Marriage, divorce and surnames

Let’s talk about surnames. They’re very easy to take for granted and most of the time we don’t give them much thought at all. We might have an unusual surname but even then, spelling it out over the phone to strangers just becomes part of every day life for most of us. We might occasionally wonder what our surname means and where it comes from, but most of us don’t really have the time to find out.

And yet, introduce marriage to the mix and this harmless little badge of our background may suddenly acquire political overtones. Once that romantic proposal has been delivered and accepted, both halves of the future couple have a lot to think about. Yes, there’s the venue and the date and the decorations and the cake and the invitations and hundred other things, but there is also the quietly lurking issue of whether the wife should take her husband’s surname.

Of course that’s always been the convention and many women still have no problem adopting their husband’s name. Perhaps they never really liked the one they were born with! Perhaps they like the reassurance and sense of stability conveyed by a married name.

But for some, it’s a social norm that makes them uncomfortable and I can see their point of view. After all, why should the wife’s identity be subsumed into the husbands in this symbolic way? It is the 21st Century after all, and modern marriage is a union of equals.

And just thoughts are not confined to brides to be. Some men feel awkward about this obviously unequal, even sexist ritual with its overtones of ownership. Expecting your new wife to take on your surname can seem like a real imposition.

This is a subtle but insidious issue that can cause squabbles and even serious arguments between engaged couples. Of course society is firmly on the side of convention. Everyone from insurance brokers to school teachers still expects married couples to have the same surname and many women decide, that whatever their private feelings, that it just isn’t worth swimming against such a tide.

And then there’s divorce! If that marriage which began so hopefully staggers to a close, do you drop your husband’s name again? It seems like an obvious thing to do, especially if the marriage ended on bad terms, but in practice it’s not such an easy change to make. After years, even decades as Mrs Smith, suddenly becoming Mrs Jones again may seem like a real wrench. Just think of the bureaucracy and the endless explanations!

And of course, changing back would usually also means having a different surname to your children. Children’s surnames cannot be changed without permission of the courts and this permission is rarely given. For many divorced or divorcing women, changing back to their maiden name would be a bridge too far for the latter reason alone. A name that may once have seemed like the most sexist of conventions has now become a visible badge of their bond with the most important people in their life.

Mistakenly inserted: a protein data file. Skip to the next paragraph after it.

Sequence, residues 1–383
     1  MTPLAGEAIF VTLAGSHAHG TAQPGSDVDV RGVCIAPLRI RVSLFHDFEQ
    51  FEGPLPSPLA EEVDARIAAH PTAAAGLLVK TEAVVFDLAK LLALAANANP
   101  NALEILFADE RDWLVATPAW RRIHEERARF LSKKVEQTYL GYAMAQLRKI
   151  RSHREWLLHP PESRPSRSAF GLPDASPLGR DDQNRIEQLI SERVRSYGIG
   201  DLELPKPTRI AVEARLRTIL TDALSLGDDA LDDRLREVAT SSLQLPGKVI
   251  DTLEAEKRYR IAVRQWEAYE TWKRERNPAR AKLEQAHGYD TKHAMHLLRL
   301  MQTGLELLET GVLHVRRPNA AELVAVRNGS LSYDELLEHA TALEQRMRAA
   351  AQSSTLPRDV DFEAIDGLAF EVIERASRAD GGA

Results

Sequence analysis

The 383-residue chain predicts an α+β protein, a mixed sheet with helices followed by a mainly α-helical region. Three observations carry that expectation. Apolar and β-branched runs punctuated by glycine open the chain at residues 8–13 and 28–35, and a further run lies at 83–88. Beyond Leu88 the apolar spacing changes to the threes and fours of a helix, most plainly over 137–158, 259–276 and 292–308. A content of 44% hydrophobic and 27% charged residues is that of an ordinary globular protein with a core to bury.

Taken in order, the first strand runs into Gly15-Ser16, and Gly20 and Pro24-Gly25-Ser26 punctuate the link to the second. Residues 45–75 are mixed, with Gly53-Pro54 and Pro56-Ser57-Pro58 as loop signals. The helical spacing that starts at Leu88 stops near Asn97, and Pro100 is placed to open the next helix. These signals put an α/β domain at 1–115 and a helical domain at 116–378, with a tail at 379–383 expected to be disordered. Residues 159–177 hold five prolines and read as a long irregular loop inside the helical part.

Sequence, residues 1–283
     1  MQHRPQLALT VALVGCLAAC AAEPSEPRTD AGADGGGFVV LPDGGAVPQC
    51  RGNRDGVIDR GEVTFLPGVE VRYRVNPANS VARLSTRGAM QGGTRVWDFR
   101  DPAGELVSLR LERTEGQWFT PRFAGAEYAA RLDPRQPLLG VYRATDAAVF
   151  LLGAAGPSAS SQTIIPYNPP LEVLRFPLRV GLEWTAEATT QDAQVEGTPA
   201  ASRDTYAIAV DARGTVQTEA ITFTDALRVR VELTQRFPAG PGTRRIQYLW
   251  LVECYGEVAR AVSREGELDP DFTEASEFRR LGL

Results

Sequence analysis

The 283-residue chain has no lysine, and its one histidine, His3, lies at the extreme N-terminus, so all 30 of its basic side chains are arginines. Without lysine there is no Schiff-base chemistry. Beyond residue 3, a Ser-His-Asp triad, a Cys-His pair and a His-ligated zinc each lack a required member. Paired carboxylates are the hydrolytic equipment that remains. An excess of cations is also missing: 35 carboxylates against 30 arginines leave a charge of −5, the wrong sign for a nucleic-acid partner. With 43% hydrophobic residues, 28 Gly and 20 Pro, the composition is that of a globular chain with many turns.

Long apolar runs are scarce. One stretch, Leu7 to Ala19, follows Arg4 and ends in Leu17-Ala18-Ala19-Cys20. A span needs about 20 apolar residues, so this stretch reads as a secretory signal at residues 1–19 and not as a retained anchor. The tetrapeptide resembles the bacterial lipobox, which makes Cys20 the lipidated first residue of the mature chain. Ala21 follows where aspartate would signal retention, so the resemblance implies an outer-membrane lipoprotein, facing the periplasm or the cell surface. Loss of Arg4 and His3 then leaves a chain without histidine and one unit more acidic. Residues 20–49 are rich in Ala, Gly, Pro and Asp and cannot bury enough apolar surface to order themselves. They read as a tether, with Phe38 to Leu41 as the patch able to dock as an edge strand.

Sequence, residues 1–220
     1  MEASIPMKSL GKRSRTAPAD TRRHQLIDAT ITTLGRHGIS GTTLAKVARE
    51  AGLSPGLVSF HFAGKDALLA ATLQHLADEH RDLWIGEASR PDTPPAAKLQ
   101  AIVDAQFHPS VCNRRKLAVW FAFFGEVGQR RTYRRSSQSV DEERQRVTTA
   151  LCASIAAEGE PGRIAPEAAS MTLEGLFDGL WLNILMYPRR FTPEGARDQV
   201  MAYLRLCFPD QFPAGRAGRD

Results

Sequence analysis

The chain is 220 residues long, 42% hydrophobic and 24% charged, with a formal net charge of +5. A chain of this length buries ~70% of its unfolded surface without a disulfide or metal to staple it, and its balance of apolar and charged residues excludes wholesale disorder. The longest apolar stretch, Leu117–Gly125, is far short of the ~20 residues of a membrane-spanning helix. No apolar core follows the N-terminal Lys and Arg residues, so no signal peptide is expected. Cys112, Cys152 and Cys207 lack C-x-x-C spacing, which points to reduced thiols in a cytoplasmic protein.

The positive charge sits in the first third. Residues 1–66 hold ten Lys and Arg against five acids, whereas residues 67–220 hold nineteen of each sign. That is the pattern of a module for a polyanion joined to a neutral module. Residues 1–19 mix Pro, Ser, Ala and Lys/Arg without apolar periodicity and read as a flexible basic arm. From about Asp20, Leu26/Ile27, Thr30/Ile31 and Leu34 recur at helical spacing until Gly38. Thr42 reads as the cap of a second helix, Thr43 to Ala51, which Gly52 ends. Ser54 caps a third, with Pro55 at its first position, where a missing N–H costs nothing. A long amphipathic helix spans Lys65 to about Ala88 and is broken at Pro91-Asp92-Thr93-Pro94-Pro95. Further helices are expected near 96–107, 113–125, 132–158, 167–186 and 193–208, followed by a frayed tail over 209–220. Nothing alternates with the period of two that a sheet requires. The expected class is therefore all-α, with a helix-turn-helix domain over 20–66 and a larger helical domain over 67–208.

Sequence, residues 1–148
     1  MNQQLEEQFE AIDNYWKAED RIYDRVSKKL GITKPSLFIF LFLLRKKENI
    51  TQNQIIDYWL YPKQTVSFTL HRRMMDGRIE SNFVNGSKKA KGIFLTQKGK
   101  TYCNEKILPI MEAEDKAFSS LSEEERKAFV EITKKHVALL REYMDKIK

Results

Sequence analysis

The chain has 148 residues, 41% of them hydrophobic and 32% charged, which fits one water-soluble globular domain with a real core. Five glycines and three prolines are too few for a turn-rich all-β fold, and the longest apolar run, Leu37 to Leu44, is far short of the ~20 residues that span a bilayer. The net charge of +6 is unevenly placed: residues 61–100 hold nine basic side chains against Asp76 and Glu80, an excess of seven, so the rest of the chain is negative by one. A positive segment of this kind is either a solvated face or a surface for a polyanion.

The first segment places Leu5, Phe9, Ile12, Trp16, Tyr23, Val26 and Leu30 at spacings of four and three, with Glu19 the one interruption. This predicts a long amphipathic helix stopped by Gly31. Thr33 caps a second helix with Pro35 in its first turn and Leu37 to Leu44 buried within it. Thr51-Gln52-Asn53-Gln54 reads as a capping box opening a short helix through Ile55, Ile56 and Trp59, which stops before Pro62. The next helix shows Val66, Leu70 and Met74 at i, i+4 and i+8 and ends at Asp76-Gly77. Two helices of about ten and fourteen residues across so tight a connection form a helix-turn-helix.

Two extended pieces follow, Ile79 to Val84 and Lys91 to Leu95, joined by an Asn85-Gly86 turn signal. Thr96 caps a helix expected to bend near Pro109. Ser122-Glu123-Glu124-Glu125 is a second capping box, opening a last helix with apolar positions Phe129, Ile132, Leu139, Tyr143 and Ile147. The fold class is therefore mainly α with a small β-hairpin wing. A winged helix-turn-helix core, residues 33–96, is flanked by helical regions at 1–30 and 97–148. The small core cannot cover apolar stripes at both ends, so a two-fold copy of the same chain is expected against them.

In a recently published post, blogger ‘Aunt Beckydiscussed her own journey towards acceptance of her married name and her decision to keep it in spite of her imminent divorce. She concluded “It’s, quite frankly, become part of who I am”.

I think this is a conclusion that many divorcees reach. But everyone is different and it has to be said that some women cannot wait to change back! Legally it’s a relatively simple process and can be done by making a statutory declaration – a legal document in which you declare your new name. Or old name, depending on how you look at it!

Photo by Seth Reineke via Flickr under a Creative Commons licence

 

1 comment

John Macfie - February 22, 2013 at 2:03pm

It is interesting how conventions, and law, differ. In Scotland the tradition has always been that women may choose to retain their own names. They are described in legal documents as “Jane White [maiden surname] or Doe [married surname]”. The gravestone might read “Jane White, relict of John Doe”. I understand that in Germany and other continental jurisdictions the parties to a marriage may make a choice: each to retain and use their own surnames, or for the wife to adopt the husband’s, or husband to adopt the wife’s surname. There may also be (as appears to be common in the U.S.A.) hyphenateion. I am told that in Iceland they do not have surnames at all, so they are altogether relieved of the difficulty . The practices of Portugal and Spain with names make the mind boggle …….

Leave a comment